I must have complained too much about putting together the IKEA furniture because a few weeks later I was told there ware presents as a thank you for doing it.
First I was given a special apron for doing the chest of drawers.
And a few weeks later, a special T-shirt for helping with the bookcase (which was too easy and didn’t take long so didn’t really deserve a present).
This one shows (the detection of) particles in an accelerator!
So? I think “we” have found a “physics presents” website or something – especially as I was earlier given these as a birthday present.
However, it was nice to be thanked and the presents did amuse me!
This one was a bit of a challenge – it took several weeks.
There were some days when I seemed to take out as many pieces as I put in.
So? Keep going until it is done!
Our church put on an evening talk and discussion – “One Small Step” – considering what we could do to protect the environment.
There was coffee and tea and biscuits on arrival, if one wanted them; chairs were set out and on each chair there was a card from Tear Fund and an envelope labelled “Feed the Birds” and two luggage labels – one large and one smaller.
A woman from Tear Fund – Sarah Wiggins – gave a talk, sort of setting out the Biblical reasons why we should try to protect/conserve the environment and giving some suggestions as to what we might do ourselves. It was OK but she was not especially inspiring or passionate, nor did she make any suggestions that were different, which was a little disappointing.
The other side of the card had suggestions for ways to reduce our use of fossil fuels. We were then asked to get into small groups and come up with some things that we might do ourselves and write our “pledges” on the large luggage label to hang on a “tree” and write them on the small label to take home as a reminder.
The card from Tear Fund also had a tear off part to send to the World Bank asking them to spend money for off grid renewable energy supplies in developing countries, which are more appropriate for small communities, not build fossil fuel power stations. We could fill that in too.
The feed back from the discussion tended to focus on moving to a vegetarian or vegan diet as that was something that some people there were passionate about.
We then had some time to look at the displays – pictures in the Foyer (where the talk was held) and stalls in the church. The pictures were quite interesting (to me) as many of them were of the Marsabit area of Kenya, which I have visited and where my friend Rob was Bishop. The area is very dry normally but there was a failure of the rains for several years and this was shown as an example of climate change. In the church there were more suggestions for caring for the environment, an RSPB stall (hence “Feed the Birds”) and a stall giving out these cards about considering changing one’s electricity supplier to one that only uses renewables.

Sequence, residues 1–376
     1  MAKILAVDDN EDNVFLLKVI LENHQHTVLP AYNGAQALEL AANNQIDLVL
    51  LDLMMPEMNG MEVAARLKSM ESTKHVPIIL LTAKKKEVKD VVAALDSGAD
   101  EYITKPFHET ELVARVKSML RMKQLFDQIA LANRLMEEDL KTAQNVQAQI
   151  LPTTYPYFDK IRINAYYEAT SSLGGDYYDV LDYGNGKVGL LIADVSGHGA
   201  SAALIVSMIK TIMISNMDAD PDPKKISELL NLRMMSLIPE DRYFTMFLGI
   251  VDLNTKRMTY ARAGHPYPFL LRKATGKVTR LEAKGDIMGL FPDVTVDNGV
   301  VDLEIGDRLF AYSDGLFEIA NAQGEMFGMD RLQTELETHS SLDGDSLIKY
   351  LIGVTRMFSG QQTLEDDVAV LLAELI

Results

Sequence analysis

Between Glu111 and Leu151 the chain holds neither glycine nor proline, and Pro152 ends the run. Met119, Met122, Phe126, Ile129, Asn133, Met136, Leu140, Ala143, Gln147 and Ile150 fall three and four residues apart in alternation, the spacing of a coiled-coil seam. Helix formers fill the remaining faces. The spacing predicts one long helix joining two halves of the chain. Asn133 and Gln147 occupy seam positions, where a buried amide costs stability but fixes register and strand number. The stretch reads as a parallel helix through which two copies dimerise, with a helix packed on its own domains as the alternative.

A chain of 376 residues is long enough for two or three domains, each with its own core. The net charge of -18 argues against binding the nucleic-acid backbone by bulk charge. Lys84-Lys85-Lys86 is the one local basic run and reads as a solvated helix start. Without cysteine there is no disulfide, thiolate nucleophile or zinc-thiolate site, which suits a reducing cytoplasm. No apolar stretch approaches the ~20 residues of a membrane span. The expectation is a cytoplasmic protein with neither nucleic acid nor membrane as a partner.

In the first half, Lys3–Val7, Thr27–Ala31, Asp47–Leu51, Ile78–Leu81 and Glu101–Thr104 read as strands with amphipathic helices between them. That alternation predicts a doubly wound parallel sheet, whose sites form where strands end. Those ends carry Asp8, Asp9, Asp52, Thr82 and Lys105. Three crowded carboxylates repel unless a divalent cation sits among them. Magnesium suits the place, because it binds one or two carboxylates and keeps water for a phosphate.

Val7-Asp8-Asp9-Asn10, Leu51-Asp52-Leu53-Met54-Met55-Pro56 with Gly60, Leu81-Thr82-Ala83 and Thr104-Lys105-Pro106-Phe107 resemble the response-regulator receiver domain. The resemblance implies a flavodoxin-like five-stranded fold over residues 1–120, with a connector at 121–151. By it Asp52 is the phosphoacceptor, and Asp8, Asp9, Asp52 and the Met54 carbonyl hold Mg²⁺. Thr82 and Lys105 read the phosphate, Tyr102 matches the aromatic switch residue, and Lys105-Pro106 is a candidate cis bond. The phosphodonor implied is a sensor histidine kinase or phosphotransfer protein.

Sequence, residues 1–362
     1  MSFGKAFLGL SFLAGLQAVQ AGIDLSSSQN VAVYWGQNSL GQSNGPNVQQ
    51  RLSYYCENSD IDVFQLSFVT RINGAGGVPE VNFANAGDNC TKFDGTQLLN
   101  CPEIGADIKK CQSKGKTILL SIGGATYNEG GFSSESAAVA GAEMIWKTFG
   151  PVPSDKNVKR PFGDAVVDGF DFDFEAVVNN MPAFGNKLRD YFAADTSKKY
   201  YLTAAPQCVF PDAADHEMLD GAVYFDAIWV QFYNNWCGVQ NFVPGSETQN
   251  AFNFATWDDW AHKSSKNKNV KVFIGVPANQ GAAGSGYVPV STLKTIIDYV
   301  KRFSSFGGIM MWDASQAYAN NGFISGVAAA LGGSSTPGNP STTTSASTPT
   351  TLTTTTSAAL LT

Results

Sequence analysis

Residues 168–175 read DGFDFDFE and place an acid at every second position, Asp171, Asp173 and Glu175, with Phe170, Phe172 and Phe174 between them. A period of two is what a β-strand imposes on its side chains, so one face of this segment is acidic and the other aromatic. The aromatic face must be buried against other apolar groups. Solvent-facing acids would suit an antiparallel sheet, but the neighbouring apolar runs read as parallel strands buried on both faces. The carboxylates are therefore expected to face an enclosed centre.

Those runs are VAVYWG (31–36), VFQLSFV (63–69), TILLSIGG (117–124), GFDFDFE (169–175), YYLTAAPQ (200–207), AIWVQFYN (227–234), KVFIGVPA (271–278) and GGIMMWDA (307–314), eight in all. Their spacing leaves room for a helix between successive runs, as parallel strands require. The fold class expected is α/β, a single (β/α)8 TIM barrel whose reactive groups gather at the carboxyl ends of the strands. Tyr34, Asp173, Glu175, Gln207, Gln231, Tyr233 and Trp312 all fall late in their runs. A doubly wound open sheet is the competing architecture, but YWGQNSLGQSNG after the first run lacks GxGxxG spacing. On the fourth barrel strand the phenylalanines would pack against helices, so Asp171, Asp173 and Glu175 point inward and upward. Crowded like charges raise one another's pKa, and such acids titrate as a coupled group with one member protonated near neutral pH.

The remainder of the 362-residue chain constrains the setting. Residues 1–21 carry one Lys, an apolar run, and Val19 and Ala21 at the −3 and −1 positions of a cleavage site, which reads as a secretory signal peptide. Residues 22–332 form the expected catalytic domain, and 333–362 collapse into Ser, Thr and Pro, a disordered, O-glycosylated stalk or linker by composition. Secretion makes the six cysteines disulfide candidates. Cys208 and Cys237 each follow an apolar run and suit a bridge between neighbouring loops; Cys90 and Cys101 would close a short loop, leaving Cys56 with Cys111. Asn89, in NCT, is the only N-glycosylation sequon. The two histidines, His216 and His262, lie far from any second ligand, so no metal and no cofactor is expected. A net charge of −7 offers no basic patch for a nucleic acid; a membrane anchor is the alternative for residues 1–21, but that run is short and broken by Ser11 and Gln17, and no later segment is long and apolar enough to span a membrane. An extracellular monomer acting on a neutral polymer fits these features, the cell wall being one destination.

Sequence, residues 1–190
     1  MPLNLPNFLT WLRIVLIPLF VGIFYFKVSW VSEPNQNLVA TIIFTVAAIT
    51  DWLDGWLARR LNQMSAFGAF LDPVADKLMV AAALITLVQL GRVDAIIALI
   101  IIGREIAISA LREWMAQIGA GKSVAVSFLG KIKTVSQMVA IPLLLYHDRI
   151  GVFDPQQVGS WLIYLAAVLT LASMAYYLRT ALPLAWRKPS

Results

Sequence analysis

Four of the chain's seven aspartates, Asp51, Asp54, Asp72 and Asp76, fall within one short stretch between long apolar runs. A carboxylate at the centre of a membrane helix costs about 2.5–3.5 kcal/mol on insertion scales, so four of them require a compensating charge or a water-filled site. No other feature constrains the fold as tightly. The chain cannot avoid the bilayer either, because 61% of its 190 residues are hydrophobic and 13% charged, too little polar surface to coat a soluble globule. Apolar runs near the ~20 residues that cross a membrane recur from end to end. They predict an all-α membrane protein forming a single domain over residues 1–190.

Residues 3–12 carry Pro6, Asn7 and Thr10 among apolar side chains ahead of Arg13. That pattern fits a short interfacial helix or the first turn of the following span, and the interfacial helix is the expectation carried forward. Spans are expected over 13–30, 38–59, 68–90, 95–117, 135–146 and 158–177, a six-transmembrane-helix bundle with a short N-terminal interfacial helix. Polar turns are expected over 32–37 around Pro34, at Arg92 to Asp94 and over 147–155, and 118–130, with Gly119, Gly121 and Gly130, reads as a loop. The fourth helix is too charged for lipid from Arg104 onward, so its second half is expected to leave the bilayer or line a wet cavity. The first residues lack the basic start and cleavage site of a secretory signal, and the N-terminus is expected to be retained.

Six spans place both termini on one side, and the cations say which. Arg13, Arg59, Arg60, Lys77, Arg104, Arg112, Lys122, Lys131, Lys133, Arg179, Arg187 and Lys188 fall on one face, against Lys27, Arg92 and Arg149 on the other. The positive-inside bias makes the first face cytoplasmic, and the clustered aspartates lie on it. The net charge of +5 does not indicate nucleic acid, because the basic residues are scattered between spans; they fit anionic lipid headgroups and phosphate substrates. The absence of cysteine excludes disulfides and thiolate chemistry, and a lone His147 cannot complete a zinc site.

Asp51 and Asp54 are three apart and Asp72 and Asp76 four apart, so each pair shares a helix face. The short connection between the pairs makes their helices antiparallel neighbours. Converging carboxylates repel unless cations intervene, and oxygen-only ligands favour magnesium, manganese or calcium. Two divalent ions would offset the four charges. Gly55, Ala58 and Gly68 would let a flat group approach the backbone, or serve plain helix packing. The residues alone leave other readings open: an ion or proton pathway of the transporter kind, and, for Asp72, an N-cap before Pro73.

I think there were a few others too, but I didn’t look that closely as I had spent too long looking at the pictures of Marsabit. One might have been about the idea of reducing/eliminating our use of palm oil, as rain forests are being cut down to plant palm plantations, which have much less biodiversity.
After a while we all returned to the foyer, so that we could mark “Earth Hour” – when at 8.30 local time on the 30th March people turn off their lights as some sort of pledge to help protect the environment. We did just that: turned off the lights and looked out at all the other light outside.
Having done that we all went home!
So was it a good/worthwhile evening? Probably not. There wasn’t much to inspire or encourage or anything most people didn’t know. To be honest, I am not sure who it was aimed at: anyone who came probably was interested enough to know what was said and had probably done all they could/intended to. Those who were not interested or didn’t know weren’t there.
Not my furniture! As I managed to put together a cabinet for a friend last year (or was it the year before?) she bought a chest of drawers using a voucher she had been given, I think, and sort of assumed I would be able to put that together too. It was about a month before we found a time when it was possible for both of us and also for the other friend I needed to help and hold things etc. The trouble was, when the day arrived I was unwell. So I said I could start the following Tuesday afternoon, which I did, and also on the Wednesday afternoon. Having spent about 5 hours we managed to get the frame done…….
…….and one of the top drawers. Mind you, it took half an hour to open the boxes it came in, never mind sorting out the 4 instruction books (one was a repeat) and which bits and which screws etc were for where.
I went in on the Saturday afternoon and got it completed – about another 3 hours, so about 8 hours total.
Having finished that, I went straight across the road and we made up the IKEA bookcase for the other friend who had been helping – it had only arrived that morning. This was a “Billy bookcase” with only 8 parts, in one box and with one set of instructions – and it took less than 45 minutes!